The bland reportage over inconvenient truths in the place of an opinion persisted last year when the EHRC report into Labour’s racism was published. The document exposed the fact that, while there were robust procedures for the party to manage sexual harassment by party members, no such provisions existed for anti-Semitism, and there were numerous cases of political interference. The Guardian’s response to Labour’s failure was a muted commentary of the facts from a publication normally associated with full-throated anti-racism when ethnic minorities other than Jews are concerned.

But the Farringdon gnomes certainly don’t hold back when it comes to attacking the Jewish state. Soft on Labour’s anti-Semitism, they are loudly vocal when an organisation hostile to Israel writes a report. Any insipid attempts to protest against the former are undone by their vehement and biased critiques of the only democratic state in the Middle East. True to form they have yet again this weekcrossed a line by more or less endorsing the description of Israel as either already an ‘apartheid state’ or on the way to becoming one, in a leader article publicising a report produced by a Left-wing organisation based in Israel. 

The apartheid slur against Israel was created in 2001, at the Durban UN Conference against Racism. Built on the lie spearheaded by the Jimmy Carter administration and the UN that Israel ‘occupies’ the West Bank and Gaza, the Guardian has run with this particular toxic form of anti-Semitism ever since. 

Karen, one of the joint authors of this essay, grew up in apartheid South Africa, where racism was enshrined in law and enforced by a brutal police and army. Israel doesn’t resemble the racist society she experienced in South Africa. As she wrote five years ago, equality for all races, genders and religions is enshrined in Israeli law. To accuse Israel of apartheid trivialises the concept and dishonours the memory of those who suffered under this abhorrent system of racism.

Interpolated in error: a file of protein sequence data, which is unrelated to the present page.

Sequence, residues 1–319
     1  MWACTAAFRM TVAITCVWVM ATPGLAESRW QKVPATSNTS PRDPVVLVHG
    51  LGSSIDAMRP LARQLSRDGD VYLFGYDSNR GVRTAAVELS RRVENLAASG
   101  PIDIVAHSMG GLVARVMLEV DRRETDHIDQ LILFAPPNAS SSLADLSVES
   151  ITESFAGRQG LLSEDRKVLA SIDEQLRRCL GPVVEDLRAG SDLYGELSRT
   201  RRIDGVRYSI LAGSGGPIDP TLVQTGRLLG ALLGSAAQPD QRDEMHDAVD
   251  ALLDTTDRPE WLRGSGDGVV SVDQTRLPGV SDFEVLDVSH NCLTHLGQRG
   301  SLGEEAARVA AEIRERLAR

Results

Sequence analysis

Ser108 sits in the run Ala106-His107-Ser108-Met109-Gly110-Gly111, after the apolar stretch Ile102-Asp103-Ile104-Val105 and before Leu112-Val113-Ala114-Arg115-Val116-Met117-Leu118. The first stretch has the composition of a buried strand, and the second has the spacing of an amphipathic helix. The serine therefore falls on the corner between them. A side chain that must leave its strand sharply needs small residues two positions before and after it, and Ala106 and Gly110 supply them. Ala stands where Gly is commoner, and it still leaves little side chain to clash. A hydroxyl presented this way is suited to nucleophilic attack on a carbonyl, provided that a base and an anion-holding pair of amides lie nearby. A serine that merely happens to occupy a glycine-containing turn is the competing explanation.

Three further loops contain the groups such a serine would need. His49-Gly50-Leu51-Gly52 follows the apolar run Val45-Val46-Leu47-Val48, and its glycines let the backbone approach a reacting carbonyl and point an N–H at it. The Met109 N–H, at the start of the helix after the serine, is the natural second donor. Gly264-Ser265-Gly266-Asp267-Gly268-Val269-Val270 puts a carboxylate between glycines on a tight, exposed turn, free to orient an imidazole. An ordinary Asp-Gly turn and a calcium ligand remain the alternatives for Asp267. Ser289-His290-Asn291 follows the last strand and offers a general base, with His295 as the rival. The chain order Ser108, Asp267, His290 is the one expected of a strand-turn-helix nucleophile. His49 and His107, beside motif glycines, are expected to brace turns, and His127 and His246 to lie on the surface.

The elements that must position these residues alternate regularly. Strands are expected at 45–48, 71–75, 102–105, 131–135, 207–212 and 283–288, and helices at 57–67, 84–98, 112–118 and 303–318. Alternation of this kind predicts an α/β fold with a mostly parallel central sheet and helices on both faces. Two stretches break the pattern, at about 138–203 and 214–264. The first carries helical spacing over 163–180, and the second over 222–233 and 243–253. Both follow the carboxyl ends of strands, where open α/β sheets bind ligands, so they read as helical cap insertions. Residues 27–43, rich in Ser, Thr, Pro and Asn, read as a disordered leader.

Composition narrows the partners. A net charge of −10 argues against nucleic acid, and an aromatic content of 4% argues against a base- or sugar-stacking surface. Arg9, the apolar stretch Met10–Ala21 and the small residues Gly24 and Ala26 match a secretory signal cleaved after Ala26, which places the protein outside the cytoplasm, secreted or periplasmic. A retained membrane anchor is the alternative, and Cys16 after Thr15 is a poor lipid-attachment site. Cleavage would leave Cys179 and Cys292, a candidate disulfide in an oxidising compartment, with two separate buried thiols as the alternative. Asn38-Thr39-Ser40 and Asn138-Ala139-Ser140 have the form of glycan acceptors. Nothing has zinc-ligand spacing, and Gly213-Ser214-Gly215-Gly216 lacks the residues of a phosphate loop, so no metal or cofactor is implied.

The Boycott, Divestment and Sanctions movement (BDS)was instigated at the 2001 Durban conference too, where delegates spent their time spreading blood libels and buying copies of the Tsarist forgery, ‘The Protocols of The Elders of Zion’. The Guardian has repeatedly accused Israel of ‘occupation’ yet in its latest attack it bemoans the fact that that Palestinians don’t have Israeli citizenship, epitomising its woeful grasp of the geo-political facts.

Under international law the West Bank is disputed, not ‘occupied’ territory, with most Palestinians there under the jurisdiction of the Palestinian Authority (PA). Fewer than half a million Jews live in just 1.7 per cent of the West Bank, governed by Israeli law.  Wrongful claims that the West Bank and Gaza are occupied strengthens the lie that Israel is an apartheid country.

Israel withdrew from Gaza in 2005. Since then it’s become a brutal Islamist enclave controlled by Hamas who use Palestinians as human shields in their continuous terror war against Israel. The Guardian is disingenuous as always, neglecting to mention the reasons why Israel and Egypt seal their borders with Gaza, a place where Hamas, Islamic Jihad and Isis jostle for power and compete with each other in their holy war against the Jewish state. It neglects to mention too thattheir favoured methods of terror are launching barrages of Iranian rockets into southern Israel and, until the security wall was built, suicide attacks in crowded Israeli cities. 

The Two State Solution, which the editorial alludes to, was dead in the water the moment it was created by the Oslo Accords. Yet it’s imbued with mythical status by clueless politicians and activists despite Yasser Arafat having no intention of making peace with Israel.